4 Great Ways To Save Money After You’ve Retired

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A recent poll from pension advice specialist Portafina found that most British people dream of retiring at age 57.

While this might not be a possibility for many, it never hurts to be prepared. That’s why we’re bringing you some top tips on how to save money when you no longer have that regular wage coming in.

Don’t worry if you’re already enjoying a well-earned retirement — taking up some of the below advice could help you stay stress-free.

Sell Your Clutter

We are a nation of hoarders. Whether it’s old equipment or new purchases, we don’t like to get rid.

In fact, over half of the UK’s adults claim to have between one and 10 items hanging in their wardrobe which have never been worn.

But one man’s junk is another man’s treasure. Clearing out any unnecessary clutter can help to provide extra funds to go towards your retirement pot.

Grow Crops

We all know that eating fruit and vegetables is good for you. But have you ever thought about how much money you can save by growing your own?

If your garden is big enough, you should create a vegetable plot. Some of the most cost-effective vegetables to grow include tomatoes (based on a shopper buying one box of tomatoes per week, this can help you save as much as £52 each year) and potatoes (the average Brit eats 429g of potatoes every week, and the average four-pack costs £1 in a supermarket. For a pack of five seeds, you can grow up to 45 potatoes for as little as £1.50).

Adjust The Frequency Of Luxuries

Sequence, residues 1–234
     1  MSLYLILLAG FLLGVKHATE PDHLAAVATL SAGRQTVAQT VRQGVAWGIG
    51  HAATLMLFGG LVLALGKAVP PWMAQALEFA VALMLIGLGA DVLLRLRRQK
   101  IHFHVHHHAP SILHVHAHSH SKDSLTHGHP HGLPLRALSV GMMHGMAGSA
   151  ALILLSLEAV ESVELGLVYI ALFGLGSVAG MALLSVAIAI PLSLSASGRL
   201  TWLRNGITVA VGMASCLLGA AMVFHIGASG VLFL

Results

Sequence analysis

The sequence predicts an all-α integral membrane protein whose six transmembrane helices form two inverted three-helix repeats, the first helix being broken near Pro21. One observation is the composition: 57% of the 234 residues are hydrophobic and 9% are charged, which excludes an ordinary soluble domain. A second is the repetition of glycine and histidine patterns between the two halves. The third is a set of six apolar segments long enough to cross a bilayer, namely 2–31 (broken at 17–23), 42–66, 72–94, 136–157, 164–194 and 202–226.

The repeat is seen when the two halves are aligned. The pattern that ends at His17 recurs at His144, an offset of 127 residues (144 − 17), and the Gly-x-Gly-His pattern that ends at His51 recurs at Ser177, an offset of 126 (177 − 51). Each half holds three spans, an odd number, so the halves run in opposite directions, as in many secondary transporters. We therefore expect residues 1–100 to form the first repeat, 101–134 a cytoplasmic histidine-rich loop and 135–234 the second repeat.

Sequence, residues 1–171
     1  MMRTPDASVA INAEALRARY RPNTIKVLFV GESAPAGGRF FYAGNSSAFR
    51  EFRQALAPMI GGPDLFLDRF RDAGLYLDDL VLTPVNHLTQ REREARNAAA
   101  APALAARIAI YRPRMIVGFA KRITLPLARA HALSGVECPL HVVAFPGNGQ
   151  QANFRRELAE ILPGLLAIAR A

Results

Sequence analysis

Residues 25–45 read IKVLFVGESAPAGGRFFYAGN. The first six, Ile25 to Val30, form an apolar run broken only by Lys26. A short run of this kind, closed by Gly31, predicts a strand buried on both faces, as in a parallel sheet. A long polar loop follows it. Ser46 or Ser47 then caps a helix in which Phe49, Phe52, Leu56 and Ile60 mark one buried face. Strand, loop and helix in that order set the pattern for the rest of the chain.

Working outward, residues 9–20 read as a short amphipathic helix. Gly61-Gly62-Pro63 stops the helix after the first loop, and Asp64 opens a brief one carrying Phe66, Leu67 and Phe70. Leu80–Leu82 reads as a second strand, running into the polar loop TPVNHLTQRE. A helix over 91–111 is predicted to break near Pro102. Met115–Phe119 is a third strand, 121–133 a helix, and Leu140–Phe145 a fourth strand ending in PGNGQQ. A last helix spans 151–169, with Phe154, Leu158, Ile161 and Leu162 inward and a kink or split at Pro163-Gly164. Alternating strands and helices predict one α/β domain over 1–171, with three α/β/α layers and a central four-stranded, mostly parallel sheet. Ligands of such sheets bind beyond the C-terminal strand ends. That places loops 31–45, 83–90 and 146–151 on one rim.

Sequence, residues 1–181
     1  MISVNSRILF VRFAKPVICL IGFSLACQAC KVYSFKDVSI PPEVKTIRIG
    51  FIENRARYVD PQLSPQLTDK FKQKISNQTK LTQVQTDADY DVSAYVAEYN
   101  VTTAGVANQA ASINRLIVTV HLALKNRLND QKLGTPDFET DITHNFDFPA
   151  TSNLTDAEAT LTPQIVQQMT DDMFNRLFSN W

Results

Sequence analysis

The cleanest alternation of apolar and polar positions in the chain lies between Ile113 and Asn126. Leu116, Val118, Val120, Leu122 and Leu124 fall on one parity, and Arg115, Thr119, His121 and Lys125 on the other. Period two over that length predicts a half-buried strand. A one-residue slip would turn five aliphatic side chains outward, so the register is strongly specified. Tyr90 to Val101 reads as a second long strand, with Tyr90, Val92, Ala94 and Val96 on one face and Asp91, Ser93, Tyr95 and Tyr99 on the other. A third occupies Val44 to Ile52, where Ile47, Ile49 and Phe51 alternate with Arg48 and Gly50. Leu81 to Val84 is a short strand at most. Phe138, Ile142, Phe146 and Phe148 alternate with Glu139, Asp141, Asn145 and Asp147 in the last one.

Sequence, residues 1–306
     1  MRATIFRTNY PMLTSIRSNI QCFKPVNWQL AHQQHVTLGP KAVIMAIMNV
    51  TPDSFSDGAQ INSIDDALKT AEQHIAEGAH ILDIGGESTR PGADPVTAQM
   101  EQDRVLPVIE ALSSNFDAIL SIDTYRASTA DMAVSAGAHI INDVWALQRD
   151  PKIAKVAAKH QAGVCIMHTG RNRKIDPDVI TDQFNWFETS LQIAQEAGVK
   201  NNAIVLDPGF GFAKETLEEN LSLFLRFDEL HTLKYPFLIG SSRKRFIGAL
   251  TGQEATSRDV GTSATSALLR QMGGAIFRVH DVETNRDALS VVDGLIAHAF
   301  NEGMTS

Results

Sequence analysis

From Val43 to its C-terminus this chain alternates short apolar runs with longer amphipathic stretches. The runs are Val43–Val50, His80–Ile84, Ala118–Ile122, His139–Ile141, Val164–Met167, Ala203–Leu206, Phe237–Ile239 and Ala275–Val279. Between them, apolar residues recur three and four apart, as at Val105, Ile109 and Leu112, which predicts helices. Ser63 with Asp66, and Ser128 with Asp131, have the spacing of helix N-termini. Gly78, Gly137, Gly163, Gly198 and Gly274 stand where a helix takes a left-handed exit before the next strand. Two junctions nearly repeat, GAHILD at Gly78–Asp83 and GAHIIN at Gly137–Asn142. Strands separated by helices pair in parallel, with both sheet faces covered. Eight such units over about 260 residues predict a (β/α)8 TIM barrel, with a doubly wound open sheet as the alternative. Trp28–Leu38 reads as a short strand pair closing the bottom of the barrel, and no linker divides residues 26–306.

You don’t have to stop enjoying yourself to save money in retirement. But it’s important that you plan properly, and adjust your lifestyle to suit your budget.

If you were used to eating out every other night when you were in employment, for example, the chances are you won’t be able to do so once you’ve left the workplace.

You shouldn’t cut it out altogether, however. Simply adjust the frequency you indulge, and you’ll be able to enjoy yourself and worry less about how much it all costs

Set Priorities

Having a budget doesn’t mean dropping the items or adventures that are most important to you.

Deciding what it is that you really want in your life — and what are just added bonuses — can help you to prioritise your money, while ensuring you don’t miss out on the good things.

For more advice, hints and tips, see our Finance section.

Iain McDonald

Iain is Digital Content Editor at the "Friend", making him responsible for managing flow of interesting and entertaining content on the magazine's website and social media channels.